One of the fun things about superhero tales is that they often seem like religious tales, but without the hassle of an actual religion. Which, of course, places these stories straight into the 'mythology' compartment, and don't you deny it. Mankind has always told stories of the people they'd wish to be and, more importantly, to aspire to. We have always created heroes to serve as metaphors for everyday struggle on steroids, combined with a healthy dose of wish-fulfillment, and we will always do so. Man of Steel recognizes and celebrates this fact. There is even an inspirational speech towards the end accompanied by the footage of a little boy (Kent himself) running around like a superhero, with a red towel functioning as cape. Superman's martyrdom is that of Christ, Mithras, Krishna, and the likes. His tribulations are those of Odysseus, of Hercules. He is Apollo, he is Dionysus, he is Osiris, he is Horus. And so on.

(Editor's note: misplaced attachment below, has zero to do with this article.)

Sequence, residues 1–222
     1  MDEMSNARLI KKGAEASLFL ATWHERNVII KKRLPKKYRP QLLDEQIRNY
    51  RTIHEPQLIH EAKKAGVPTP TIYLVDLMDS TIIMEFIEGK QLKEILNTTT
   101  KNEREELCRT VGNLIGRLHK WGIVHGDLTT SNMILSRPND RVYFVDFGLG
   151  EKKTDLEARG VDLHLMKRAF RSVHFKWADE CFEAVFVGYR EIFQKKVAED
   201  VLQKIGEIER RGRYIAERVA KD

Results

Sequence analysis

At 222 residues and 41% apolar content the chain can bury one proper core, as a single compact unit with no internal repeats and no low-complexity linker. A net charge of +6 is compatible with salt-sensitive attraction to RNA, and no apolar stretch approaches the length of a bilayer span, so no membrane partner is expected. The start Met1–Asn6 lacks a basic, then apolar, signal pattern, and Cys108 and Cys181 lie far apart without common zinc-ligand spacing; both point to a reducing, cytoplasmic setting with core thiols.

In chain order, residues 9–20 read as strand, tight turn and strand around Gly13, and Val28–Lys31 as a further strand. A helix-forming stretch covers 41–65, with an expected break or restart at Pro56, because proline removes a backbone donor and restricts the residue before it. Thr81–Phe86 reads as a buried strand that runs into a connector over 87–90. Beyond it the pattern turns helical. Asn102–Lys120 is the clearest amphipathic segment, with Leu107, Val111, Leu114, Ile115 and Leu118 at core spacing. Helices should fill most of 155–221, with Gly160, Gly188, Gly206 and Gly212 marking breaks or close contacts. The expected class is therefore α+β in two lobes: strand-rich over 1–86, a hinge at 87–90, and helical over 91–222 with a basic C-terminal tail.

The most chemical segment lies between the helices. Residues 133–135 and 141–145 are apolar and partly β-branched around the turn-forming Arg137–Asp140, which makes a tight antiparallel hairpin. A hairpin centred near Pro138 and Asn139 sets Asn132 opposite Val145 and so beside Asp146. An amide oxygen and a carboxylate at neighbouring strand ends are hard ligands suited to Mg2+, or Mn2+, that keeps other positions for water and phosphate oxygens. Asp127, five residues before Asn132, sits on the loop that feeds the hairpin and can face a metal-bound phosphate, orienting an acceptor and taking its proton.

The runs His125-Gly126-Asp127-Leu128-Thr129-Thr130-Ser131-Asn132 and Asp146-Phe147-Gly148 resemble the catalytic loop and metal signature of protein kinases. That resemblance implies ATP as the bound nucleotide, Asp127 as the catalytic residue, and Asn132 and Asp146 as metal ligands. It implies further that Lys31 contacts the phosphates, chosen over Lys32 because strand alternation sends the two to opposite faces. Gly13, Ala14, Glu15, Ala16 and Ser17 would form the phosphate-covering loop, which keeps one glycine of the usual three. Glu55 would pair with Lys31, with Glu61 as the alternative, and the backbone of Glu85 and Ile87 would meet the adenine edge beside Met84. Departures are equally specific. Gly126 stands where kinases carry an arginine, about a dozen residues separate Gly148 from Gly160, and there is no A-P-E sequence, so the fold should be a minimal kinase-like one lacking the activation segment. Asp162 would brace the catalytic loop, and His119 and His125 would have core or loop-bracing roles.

Religious allusions.